02 October 2020
A new report launched this week by the Western Australian Marine Science Institution brings together the last seven decades of marine research on Shark Bay to create a valuable resource that describes what has been learned to date about one of the world’s most unique and vulnerable marine environments.
A Snapshot of Marine Research in Shark Bay (Gathaagudu): Literature Review and Metadata Collation (1949-2020) was released at a virtual launch between Perth and Shark Bay.
At the launch in Perth, Western Australia's Chief Scientist Professor Peter Klinken was joined by co-authors WAMSI Research Director Dr Jenny Shaw and Dr Alicia Sutton along with representatives from the Department Biodiversity, Conservation and Attractions (Parks and Wildlife) and the Department of Primary Industries and Regional Development (Fisheries).
|WA Chief Scientist Professor Peter Klinken addresses attendees at the virtual launch|
The event crossed to Denham where Professor Gary Kendrick from The University of Western Australia handed the report to Malgana Traditional Owners and Malgana rangers in the spirit of returning western science knowledge to Country.
|(L-R) Shark Bay Shire CEO Paul Anderson listens in as UWA Professor Gary Kendrick hands the Report over to Malgana Traditional Owner Bobby Hoult and Malgana rangers Alex Dodd, Richard Cross, Klaas Liezenga and Sean McNeair in Denham.|
In total, 775 pieces of literature and more than 960 metadata entries are listed in the publication. It will inform a Science Plan being developed by the Western Australian Marine Science Institution (WAMSI) as well as contribute to a better understanding of the Shark Bay marine environment.
The review reveals that the opportunity to study unique indicators of environmental health and impacts from change has attracted a worldwide focus on Shark Bay over the years, according to co-author WAMSI Research Director Dr Jenny Shaw.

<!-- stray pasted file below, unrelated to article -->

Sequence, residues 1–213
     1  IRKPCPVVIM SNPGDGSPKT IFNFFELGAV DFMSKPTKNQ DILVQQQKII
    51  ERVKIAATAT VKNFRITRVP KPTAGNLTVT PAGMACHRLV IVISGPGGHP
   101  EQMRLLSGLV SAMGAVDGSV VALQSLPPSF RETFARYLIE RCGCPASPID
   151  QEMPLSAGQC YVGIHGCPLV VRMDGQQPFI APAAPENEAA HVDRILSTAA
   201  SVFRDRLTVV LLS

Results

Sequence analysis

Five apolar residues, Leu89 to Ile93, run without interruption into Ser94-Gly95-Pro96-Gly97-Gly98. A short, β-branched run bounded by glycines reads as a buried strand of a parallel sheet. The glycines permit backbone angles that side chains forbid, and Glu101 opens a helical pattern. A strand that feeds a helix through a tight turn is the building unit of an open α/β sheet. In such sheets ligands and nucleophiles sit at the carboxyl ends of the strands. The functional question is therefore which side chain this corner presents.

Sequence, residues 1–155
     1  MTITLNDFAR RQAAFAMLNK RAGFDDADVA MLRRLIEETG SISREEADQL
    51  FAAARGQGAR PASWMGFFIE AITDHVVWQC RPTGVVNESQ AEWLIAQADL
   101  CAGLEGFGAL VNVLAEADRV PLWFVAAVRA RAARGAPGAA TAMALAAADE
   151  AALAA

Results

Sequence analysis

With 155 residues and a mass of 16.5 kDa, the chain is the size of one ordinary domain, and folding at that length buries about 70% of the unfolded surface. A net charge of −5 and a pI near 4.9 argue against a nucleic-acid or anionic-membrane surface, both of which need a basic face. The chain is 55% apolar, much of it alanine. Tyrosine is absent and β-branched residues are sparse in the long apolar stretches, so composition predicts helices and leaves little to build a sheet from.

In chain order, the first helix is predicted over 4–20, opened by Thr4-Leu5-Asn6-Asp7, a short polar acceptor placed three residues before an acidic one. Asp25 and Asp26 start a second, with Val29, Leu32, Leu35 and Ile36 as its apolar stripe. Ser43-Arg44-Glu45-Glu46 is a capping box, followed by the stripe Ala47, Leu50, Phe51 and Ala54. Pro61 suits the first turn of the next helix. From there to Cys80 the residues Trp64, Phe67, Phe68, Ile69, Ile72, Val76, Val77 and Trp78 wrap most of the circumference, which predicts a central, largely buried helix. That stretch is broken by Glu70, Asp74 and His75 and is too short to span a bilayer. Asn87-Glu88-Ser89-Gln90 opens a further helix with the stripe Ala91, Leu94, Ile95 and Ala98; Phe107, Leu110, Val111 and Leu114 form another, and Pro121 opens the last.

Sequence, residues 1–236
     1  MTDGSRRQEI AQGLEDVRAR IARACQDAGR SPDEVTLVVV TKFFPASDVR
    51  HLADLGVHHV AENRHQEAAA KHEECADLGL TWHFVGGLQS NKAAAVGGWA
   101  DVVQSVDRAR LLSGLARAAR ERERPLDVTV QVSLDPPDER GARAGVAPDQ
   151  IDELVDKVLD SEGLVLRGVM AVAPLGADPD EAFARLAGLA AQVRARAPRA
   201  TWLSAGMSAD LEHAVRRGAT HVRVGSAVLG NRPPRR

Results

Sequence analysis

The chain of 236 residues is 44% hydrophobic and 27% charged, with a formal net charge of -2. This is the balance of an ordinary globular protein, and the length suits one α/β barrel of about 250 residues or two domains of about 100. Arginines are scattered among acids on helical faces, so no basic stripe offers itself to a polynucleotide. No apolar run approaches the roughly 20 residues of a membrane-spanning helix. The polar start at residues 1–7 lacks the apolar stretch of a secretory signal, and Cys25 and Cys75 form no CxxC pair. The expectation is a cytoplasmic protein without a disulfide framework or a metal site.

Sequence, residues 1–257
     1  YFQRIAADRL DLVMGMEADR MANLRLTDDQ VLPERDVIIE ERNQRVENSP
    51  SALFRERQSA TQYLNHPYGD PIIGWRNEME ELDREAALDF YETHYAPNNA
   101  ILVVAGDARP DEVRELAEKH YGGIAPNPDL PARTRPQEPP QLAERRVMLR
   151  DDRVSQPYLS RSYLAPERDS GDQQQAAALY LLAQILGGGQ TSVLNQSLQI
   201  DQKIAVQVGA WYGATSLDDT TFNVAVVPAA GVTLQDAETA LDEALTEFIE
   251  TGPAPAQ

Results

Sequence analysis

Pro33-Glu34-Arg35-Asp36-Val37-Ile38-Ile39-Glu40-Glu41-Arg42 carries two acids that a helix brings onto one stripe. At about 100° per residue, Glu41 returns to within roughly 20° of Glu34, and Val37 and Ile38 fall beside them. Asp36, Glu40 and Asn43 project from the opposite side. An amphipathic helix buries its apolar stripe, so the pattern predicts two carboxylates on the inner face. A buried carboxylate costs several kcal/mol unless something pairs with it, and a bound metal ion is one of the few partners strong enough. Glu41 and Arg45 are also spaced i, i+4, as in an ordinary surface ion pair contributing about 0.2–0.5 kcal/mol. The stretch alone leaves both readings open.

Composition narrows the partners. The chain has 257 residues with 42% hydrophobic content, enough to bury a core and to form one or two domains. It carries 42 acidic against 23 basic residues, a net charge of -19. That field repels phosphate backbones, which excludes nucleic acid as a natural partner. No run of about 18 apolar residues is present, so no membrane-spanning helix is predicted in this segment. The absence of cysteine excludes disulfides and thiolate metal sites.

“Shark Bay is special for many reasons but the fact that it is in the transition zone between temperate and tropical zones means it’s like the ’canary in the coalmine’,” Dr Shaw said. “It’s an environment that we know from the past 70 years of research is undergoing massive changes as a result of the warming seas and extreme climate events, but it’s also an ecosystem that could help us to solve some of the world’s great environmental challenges.”
A hotspot for fisheries and tourism, Shark Bay is renowned for having one of the largest and most diverse seagrass meadows in the world, with a massive potential to store carbon. It also boasts the ancient stromatolites of the hypersaline Hamelin Pool, the largest resident dugong population in the world and a diverse array of marine life including sharks, rays, turtles and a famous population of bottlenose dolphins.
The report found the majority of the research has focused on the bottlenose dolphins (21%) and commercial fisheries (15%). Stromatolites, seagrass communities, marine turtles and sharks were also popular fields of study.
|Co-author and WAMSI Research Director Dr Jenny Shaw talks about the 70 years of western science in Shark Bay (Gathaagudu)|
The research shows most visitors planned activities related to the marine or coastal environment, with Monkey Mia, Shell Beach, Denham and Hamelin Pool stromatolites being among the most popular places to visit. More than 90 per cent of visitors view or interact with the Monkey Mia dolphins.
In 2011 however, a marine heatwave caused widespread losses to the Shark Bay seagrass meadows, which had flow-on affects through the food chain and for species that relied on the meadows for shelter and nurseries.
“The 2011 marine heatwave had a devastating effect on Shark Bay,” Dr Shaw said. “We know that more of these extreme events are likely to happen in the future and so this Snapshot of Shark Bay Research will help to identify the gaps in western science knowledge for us to determine the most important areas for future research.”
The report and metadata collation can be downloaded HERE
Watch the virtual launch HERE